|Posted by Gilbert Stack on June 5, 2022 at 8:05 AM|
NPC by Jeremy Robinson
This is a book that plays with your sense of reality. A serial murderer is preying on the homeless trying to prove his theory that the world is actually a computer simulation and most of the population are not real (i.e. player characters) but NPCs (non-player characters) whose actions are directed by a computer. He has gone so far as to categorize the NPCs into 5 levels depending upon their sophistication. The serial murderer is trying to upset the system and free the real people from the simulation.
In alternating chapters, we get into the mind of a pastor who is trying to find out what’s happened to these missing homeless people. He’s a recent widower and is having a crisis of faith that the serial killer’s theory intersects nicely with. As he and the killer maneuver against each other, the mystery of the killer’s theory becomes increasingly intricate. There are a ton of surprises in this novel, but what makes it the best is the author’s success in making you alternate between believing in and doubting the killer’s theory. It’s totally gripping and utterly fascinating. You’ll be wondering whether or not the world really is a simulation right up to the very last page.
|Posted by Gilbert Stack on June 4, 2022 at 8:25 AM|
Critters from the Poo Lagoon by D.M. Guay
D.M. Guay is back with another crazy short novel from her 24/7 Demon Mart series (which apparently doesn’t count as part of the main series because it doesn’t happen in the actual demon mart). This time, Lloyd is helping his mother set up a Hawaiian-themed party at the country club to thank a bunch of volunteers for their hard work. They are permitted to do this by perennial thorn in the side, Caroline, the snooty rich woman who uses the volunteers but detests them. As the reader can guess before page one, everything is going to go wrong.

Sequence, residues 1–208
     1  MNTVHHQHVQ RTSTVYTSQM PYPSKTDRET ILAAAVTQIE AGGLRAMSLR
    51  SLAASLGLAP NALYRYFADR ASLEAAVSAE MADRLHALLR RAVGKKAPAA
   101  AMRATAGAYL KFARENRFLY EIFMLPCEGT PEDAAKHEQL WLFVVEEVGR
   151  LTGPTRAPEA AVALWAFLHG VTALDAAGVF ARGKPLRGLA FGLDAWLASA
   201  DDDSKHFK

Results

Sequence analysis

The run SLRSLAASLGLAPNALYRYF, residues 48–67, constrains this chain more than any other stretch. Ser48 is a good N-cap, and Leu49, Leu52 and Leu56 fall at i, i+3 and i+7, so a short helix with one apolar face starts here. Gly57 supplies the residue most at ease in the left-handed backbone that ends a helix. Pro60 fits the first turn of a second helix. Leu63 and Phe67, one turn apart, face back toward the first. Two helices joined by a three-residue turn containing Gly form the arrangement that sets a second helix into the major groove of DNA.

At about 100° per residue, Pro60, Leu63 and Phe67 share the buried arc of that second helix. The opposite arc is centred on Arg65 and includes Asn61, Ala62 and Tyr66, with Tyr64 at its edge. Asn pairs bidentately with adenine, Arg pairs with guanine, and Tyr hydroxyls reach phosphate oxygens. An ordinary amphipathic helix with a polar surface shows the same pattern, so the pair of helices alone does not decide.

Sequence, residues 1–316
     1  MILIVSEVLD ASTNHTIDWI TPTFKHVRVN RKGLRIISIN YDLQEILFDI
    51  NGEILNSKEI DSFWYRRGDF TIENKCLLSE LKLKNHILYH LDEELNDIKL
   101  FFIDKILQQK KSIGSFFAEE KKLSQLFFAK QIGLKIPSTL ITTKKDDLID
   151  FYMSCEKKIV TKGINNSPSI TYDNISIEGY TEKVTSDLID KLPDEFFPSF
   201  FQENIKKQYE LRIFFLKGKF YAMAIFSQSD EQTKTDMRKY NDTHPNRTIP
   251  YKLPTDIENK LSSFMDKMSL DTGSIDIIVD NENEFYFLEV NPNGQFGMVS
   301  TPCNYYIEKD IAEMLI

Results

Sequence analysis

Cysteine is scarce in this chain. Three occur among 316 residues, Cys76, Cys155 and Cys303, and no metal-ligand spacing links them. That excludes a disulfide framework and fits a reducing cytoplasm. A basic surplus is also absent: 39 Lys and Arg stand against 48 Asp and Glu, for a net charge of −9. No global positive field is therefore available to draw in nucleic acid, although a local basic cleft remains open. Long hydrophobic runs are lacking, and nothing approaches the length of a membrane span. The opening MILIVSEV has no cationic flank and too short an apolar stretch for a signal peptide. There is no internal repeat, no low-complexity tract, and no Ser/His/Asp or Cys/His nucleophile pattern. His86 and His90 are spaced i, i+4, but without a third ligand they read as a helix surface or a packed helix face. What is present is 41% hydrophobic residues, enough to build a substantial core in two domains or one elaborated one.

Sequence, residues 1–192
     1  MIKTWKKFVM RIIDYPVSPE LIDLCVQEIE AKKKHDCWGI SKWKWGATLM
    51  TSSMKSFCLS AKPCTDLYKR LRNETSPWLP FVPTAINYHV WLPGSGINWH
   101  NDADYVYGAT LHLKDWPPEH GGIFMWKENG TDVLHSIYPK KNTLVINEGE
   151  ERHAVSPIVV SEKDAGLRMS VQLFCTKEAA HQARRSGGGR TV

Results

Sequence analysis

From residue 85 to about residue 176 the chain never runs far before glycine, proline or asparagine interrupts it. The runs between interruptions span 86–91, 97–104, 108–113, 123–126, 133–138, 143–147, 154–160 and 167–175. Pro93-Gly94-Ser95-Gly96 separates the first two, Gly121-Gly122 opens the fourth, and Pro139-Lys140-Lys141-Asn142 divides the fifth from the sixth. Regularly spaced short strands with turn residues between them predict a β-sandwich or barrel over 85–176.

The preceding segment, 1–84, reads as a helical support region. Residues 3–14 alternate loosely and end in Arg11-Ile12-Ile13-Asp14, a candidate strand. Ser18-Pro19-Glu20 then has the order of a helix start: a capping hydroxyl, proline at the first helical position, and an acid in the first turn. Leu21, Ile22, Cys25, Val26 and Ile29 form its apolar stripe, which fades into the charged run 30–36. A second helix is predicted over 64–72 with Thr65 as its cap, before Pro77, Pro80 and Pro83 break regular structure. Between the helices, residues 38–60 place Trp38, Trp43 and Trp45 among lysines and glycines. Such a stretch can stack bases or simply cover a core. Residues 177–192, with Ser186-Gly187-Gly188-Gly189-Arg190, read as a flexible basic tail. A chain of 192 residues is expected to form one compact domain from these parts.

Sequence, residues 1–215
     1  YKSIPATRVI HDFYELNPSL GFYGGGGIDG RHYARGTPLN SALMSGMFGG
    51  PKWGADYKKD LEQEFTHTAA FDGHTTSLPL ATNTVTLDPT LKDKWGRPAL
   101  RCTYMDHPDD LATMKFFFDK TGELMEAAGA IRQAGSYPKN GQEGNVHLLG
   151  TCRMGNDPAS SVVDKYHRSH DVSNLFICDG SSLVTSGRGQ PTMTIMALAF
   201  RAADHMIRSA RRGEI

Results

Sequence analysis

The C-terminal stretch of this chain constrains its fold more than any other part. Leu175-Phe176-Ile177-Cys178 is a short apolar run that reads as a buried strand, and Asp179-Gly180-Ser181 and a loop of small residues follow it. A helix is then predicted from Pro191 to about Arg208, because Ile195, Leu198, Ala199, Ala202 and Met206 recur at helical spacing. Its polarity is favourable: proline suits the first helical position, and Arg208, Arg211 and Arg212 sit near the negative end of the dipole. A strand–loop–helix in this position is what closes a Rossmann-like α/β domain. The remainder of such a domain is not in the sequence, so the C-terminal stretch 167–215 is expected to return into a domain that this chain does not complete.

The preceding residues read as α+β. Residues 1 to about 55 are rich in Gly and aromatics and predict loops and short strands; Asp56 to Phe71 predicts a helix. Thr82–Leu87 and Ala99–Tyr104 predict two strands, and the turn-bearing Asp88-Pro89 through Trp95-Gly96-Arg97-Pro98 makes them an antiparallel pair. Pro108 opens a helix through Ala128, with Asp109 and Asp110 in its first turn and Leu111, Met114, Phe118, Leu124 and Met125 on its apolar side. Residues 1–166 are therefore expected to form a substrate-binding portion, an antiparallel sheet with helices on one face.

Lloyd has invited his love interest Dee Dee, who has told the rest of the Demon Mart staff about it so that their manager the cockroach and the loveable demon giant centipede come to the party as well. This complicates things as the rest of the world is not supposed to know about demons, but it’s not the real cause of concern. The real complication is that the party is about to be invaded by water creatures such as trailer park mermaids and a plant guy similar to the Swamp Thing from the comics. It’s a great set of villains who really threaten the party, but of course, they’re only the beginning of Lloyd’s problems.
As if all the supernatural troubles aren’t enough, Guay brings all the sorts of mundane problems one can find at a party in the real world. Lloyd’s grandmother brings extremely high octane moonshine to the party and over-the-top drunkenness quickly ensues. And of course, rich and snooty Caroline is constantly creating the wrong kind of waves for Lloyd and his friends.
All in all, this is another excellent edition to the Demon Mart series and anyone who has enjoyed the first book should hurry up and read it. If you haven’t read the first book (The Graveyard Shift), what are you waiting for?